Tue 6 Feb 2007
This video from Michael Wesch, an Anthro. Professor at Kansas State, is less interesting to the tech. savvy crowd than it likely is to many anthropologists. Still, it's fairly well done, and in my mind fairly uncontroversial. (Which means there's sure to be some debate).
David Hakken, author of a series of fascinating but fairly impenetrable books like Cyborgs@Cyberspace? and The Knowledge Landscapes of Cyberspace dismisses the summary in a very 'ivory tower' sort of way:
I found it an interesting animation of much of the promotional drivel I hear from promoters of so-called social networking software, completely lacking in any critical perspective or sense that such claims about the world need to be evaluated against evidence. This is not an information ethnography in which I am interested.
Ken Erickson of Pacific Ethnography, on the other hand, understands what the video is actually about, responds with (I think) the appropriate amount of perspective despite his admitted lack of technical expertise:
I thought it was an introductory think-piece designed perhaps to inspire undergraduates to think more about the Internet. And on U-Tube. Why aren't other anthropologists or IT design researchers on U-Tube? (Maybe they are and I'm just not an adept.) Do we all have nothing worth saying that can be said in five minutes? I bet we do. I say, Bravo Dr. Wesch. And, I'll bet this could become an interesting thread. Maybe Dr. Wesch will join in.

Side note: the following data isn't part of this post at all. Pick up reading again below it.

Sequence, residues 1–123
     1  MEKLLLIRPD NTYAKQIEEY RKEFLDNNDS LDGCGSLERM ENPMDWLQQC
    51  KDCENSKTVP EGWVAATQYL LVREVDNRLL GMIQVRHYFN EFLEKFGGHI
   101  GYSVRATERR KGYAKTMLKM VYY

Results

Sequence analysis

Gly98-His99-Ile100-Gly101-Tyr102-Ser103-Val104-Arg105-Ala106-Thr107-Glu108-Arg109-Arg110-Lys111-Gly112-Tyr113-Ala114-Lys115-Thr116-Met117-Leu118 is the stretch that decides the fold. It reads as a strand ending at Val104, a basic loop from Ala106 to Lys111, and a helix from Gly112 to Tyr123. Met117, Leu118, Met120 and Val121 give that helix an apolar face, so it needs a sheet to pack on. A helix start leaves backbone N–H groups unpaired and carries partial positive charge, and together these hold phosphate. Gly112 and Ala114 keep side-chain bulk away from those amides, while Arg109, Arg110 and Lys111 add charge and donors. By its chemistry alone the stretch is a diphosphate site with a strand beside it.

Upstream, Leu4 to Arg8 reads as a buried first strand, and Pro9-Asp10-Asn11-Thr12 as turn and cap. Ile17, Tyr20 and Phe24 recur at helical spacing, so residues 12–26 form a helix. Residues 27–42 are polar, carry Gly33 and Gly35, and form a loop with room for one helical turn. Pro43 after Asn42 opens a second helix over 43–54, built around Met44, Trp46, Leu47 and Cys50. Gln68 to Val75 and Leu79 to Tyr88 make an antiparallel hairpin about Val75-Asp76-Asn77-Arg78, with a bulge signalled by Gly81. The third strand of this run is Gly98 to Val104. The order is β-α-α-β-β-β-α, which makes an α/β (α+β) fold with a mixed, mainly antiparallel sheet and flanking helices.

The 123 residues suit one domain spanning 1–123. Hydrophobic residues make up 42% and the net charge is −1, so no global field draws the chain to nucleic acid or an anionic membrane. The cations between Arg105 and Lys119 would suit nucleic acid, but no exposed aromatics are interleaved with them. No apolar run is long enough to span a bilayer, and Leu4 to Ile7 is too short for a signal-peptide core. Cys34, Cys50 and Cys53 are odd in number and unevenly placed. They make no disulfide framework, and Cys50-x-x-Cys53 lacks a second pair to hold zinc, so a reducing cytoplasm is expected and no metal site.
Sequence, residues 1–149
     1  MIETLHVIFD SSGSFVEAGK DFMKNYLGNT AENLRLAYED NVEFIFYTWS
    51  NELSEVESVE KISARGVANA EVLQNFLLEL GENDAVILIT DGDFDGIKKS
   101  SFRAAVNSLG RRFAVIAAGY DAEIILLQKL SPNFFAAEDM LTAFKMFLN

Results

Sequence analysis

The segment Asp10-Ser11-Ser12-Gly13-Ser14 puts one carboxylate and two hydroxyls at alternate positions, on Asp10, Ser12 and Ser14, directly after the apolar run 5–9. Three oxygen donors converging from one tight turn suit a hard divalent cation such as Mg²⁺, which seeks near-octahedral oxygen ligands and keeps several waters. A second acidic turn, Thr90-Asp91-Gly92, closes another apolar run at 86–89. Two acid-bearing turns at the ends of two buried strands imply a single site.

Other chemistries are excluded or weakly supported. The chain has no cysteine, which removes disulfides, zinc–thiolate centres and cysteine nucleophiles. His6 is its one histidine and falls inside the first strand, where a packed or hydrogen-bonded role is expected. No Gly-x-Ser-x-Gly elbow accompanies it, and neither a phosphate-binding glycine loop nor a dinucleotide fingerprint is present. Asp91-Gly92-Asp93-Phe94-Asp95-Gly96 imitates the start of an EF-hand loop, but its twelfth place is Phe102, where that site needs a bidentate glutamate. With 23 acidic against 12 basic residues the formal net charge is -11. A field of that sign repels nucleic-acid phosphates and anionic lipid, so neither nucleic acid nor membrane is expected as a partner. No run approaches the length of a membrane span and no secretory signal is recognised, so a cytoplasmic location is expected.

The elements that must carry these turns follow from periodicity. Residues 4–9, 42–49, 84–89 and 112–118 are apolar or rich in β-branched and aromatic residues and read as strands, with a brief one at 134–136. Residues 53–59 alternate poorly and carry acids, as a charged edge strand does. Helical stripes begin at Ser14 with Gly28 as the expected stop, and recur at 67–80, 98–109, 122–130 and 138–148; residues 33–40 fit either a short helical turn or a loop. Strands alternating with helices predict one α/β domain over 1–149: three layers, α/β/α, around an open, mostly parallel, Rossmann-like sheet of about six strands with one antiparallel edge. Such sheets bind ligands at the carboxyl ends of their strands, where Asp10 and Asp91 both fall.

And, of course, what would a 'critical' debate among anthropologists be without resorting to WMDs – that's Weber, Marx, and Durkheim.
The idea that the web "learns", that we are the web, etc. etc. restates the venerable Marxian argument about how human labor gets embedded in technology, and subsequent generations of that technology fully incorporate and make automatic what formerly could be done only through direct human action. It's the same phenomenon one sees in the evolution of tools used to make other tools — Volume 1 of Capital has a chapter called "Machinery and Modern Industry" which lays out the basic ideas (It also discusses the "intensification of the working day" — something most dot-com worker bees like myself would've been able to relate to, if we'd had any free time to read long books.) — Jerry Lombardi
The discussion goes on through AnthroDesign, but where does this leave us with our impressions of anthropologists? Confused, I think, since even in this short debate we span from scholars like Hakken who are clearly extremely knowledgeable about new technologies but also overly dismissive and haughty about thought-provoking commentary on them, to others who attempt to integrate ideas about Web 2.0 with classical social theory.
For my part, I thought the video was a nice (if technocentric) summary of how the confluence of certain trends have laid the groundwork for the social phenomenon we see today (which is sometimes referred to by the shorthand Web 2.0. Ok, I'm cool with that). My only real 'critique' stems from the pet-peeve of my adviser, Coye Cheshire. And that's this: let's not start with the assumption that Web x.0 changes anything. Let's assume – reasonably based on historical evidence – that seemingly paradigm-shattering technologies tend to influence organically, not seismically. What's going on right now is not so fundamentally different. Although it's all those little details that make it fascinating.